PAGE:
# Calculate the electric bill of a phone charger (AC adapter input or output?)

I need to calculate the amount of money I pay for charging my phone with this charger

I know that I need to calculate the watts then kWh, so I multiplied 5 V by 1.55 A to get 7.75 watts and then use that to calculate kWh. I'm so confused though because whenever I asked anyone in my school they would say, "you don't pay for the output, you pay for the input, so what you did is wrong".

Are they right? Why or why not? What is the correct method?

Note: I'm not looking for a very accurate number because I don't wanna use a Kill-a-Watt. In addition, I watched a video of someone using it on their charger and it gave a number around 4 or 5, that makes me think my teachers are wrong.

Phone battery I'm adding info about the battery since some of you asked for it. It's a Samsung secondary Li-on battery. Nominal voltage 3.85 V / 11.55 Wh. Charge voltage 4.4 V / 3000 mAh.

• Do electric companies charge less at night? – user16307 Nov 16 '17 at 18:25
• @user16307 Depends on the electric company. Irregardless, this load is not significant. – StainlessSteelRat Nov 16 '17 at 18:27
• "you don't pay for the output, you pay for the input" Yes, they are correct because the energy input (the energy supplied by the company and hence charged for) includes the wasted heat energy (due to inefficiencies in your charger) as well as the output energy. – JIm Dearden Nov 16 '17 at 18:59
• Refer to this stack exchange question for your references. – Spehro Pefhany Nov 16 '17 at 21:45
• @AliChen added battery info in main post. – 1da Nov 16 '17 at 22:59

Those numbers tell you the current that the supply can provide, not how much your phone needs. Your phone will only draw as much as it's designed for, and so you don't know how much power is coming from the mains. So, they are correct. You can't get anything meaningful from the adaptor text itself.

There are two ways to get this figure. You can measure the current going into the adaptor itself, or you can measure the current going to your phone. The latter means you also need to know the efficiency of the adaptor as there is some loss in the adaptor when it converts mains voltage to 5 V. You could potentially estimate it from the mains current input (0.3 A), but that doesn't say what voltage or frequency it's at.

Adding calculations for the second method Ok, so your phone is probably charged over USB which used to be limited to 500 mA. Also, that 1.55 A is the maximum the supply can provide, you don't want to have that all the time. So, let's assume (crudely) that $I = 500\ \mathrm{mA}$. Power to your phone is $P_{out} = IV = 0.5 \times 5 = 2.5\ W$. Then, let's assume the adaptor is 80% efficient, so $P_{in} = \frac{P_{out}}{0.80} = 3\ W$. The multiply by the time to completely charge, and you're there.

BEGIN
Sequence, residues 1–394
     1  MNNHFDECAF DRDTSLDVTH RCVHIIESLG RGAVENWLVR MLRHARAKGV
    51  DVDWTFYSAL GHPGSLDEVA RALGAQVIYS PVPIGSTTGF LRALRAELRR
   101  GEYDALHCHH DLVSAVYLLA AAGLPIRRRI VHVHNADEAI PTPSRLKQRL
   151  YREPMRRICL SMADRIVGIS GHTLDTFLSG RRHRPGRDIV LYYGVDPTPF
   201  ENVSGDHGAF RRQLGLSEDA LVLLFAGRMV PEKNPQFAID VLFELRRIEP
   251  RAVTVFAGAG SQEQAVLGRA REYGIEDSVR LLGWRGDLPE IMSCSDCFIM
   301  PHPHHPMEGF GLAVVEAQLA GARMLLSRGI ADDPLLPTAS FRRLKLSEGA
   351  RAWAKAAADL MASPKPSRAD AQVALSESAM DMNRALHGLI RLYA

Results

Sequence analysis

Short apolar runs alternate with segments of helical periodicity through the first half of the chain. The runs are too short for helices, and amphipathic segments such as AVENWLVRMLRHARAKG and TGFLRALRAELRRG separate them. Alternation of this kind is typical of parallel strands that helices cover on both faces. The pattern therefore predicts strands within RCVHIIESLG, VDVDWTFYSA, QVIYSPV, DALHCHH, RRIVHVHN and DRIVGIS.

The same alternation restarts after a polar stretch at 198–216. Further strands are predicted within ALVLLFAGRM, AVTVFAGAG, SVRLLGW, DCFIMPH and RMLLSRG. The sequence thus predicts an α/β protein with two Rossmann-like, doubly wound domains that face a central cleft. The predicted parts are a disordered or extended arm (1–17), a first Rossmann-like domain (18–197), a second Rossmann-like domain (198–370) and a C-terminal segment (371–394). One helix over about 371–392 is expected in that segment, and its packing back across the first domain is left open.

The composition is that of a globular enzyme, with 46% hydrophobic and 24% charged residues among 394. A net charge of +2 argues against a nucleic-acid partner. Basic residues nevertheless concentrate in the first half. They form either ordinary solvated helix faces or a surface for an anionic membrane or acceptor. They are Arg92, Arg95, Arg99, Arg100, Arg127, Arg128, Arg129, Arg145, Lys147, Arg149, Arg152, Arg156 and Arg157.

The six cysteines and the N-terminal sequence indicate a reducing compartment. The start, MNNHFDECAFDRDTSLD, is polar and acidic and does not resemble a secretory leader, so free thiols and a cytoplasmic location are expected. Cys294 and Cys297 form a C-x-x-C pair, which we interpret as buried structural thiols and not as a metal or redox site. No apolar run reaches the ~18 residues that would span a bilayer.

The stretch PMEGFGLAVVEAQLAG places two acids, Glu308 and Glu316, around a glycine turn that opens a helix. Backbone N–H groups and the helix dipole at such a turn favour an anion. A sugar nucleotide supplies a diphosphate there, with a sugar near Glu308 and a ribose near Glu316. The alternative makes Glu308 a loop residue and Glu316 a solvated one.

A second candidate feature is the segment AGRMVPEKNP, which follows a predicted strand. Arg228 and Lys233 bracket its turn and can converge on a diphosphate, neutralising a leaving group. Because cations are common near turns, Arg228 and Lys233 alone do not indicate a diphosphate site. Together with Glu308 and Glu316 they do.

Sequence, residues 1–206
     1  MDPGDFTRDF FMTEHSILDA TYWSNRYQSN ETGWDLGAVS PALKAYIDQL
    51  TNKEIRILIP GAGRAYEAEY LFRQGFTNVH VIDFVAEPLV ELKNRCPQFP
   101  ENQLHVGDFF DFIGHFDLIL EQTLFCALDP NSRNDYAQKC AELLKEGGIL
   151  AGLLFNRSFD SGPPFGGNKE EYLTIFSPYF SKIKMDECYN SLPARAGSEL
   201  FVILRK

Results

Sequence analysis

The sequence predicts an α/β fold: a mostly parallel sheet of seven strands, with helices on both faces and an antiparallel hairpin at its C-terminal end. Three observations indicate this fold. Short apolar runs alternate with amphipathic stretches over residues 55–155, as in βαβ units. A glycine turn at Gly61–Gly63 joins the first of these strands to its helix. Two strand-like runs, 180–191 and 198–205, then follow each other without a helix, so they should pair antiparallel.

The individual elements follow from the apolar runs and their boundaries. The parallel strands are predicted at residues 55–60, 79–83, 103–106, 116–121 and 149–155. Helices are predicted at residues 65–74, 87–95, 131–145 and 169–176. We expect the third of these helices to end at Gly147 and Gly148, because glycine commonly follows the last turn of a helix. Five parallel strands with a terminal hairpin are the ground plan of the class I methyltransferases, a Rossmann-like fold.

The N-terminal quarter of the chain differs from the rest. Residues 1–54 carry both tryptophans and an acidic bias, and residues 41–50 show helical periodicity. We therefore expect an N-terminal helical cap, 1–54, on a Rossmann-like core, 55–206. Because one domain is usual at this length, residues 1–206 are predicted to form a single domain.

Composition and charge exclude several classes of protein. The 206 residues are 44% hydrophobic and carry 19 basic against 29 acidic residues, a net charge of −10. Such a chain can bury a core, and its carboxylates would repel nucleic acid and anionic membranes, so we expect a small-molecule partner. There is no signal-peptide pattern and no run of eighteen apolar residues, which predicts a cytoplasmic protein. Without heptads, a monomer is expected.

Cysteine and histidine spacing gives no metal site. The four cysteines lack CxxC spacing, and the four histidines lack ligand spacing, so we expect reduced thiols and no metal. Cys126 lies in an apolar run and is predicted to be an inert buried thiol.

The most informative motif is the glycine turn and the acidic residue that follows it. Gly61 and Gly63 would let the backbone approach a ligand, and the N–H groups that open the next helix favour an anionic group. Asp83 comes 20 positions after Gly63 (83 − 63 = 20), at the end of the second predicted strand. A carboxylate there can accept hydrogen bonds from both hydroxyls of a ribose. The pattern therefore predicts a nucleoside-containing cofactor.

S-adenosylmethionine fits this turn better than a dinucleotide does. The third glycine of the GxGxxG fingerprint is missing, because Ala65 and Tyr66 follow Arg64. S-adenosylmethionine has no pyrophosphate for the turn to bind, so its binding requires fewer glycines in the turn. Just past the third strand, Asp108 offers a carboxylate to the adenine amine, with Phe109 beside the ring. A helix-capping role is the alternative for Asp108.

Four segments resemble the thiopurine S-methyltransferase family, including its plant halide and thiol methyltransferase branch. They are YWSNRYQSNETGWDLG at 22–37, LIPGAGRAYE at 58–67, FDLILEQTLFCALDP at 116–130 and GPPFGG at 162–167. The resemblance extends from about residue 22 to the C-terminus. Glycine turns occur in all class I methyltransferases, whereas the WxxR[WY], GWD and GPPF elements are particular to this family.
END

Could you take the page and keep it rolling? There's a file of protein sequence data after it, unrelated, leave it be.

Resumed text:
• Let's talk about the latter, measure the current going to my phone, well can't I just say it's 1.55A (the maximum)? I know it's inaccurate right. Now what's the next step after measuring the current? Sorry, I don't get it. – 1da Nov 16 '17 at 18:17
• Ok, so your phone is probably charged over USB which used to be limited to 500 mA. Also, that 1.55 A is the maximum the supply can provide, you don't want to have that all the time. So, let's assume (crudely) that $I = 500\ \mathrm{mA}$. Power to your phone is $P_{out} = IV = 0.5 \times 5 = 2.5\ W$. Then, let's assume the adaptor is 80% efficient, so $P_{in} = \frac{P_{out}}{0.80} = 3\ W$. The multiply by the time to completely charge, and you're there. – awjlogan Nov 16 '17 at 18:22
• Sure, if you don't care about accuracy you can pick whatever number you want. If you do care about accuracy you not only have to measure the current, but you have to do it over a full phone charge cycle and based on your use case estimate the cost to charge the phone that way. – John D Nov 16 '17 at 18:24
• @JohnD Absolutely right. I suspect this question is more about getting a feel for the size of figures, which is a hugely important skill for school kids. If you justify your assumptions then it's fine. – awjlogan Nov 16 '17 at 18:25
• @1da, it is likely that you will never recoup your investment into solar charger, sorry :-( – Ale..chenski Nov 16 '17 at 21:46

They are correct that you pay for the input. Now the question is, "How do I calculate the input when I only know the output?"

We need one more piece of information: the efficiency of the PSU. For this type of device it should be about 85%.

$$P_{OUT} = P_{IN}Eff$$

where Eff is efficiency.

You can rewrite this as $$P_{IN} = \frac {P_{OUT}} {Eff}$$

From this you can calculate your watts and multiply this by your hours of use per year. Note that your result will be on the high side because the charger will taper off the current as the battery becomes charged and eventually drop to a trickle.

Yes they are correct, you need to consider the efficiency of the supply. Also the nameplate will not necessarily reflect what is happening under the hood, as it were. The phone will draw a great deal of current while charging and the adapter will waste a certain amount getting that power from the mains plug. When the charging is finished the current will drop, but not to zero since most phones will continue to operate from the adapter while plugged in, leaving the battery at 100%. Finally, when you unplug the phone but leave the adapter in the wall, the power supply will waste power just sitting there (efficiency drops to zero since there is no useful output current).

The minimum (active) efficiency of that Level V supply is 0.0750 * ln(5V*1.55A) + 0.561 = 71.4%. Assuming your supply takes full current for 2.5 hours to charge it will use no more than 5 * 1.55/0.714 = 10.8W for 2.5 hours or 0.027kWh.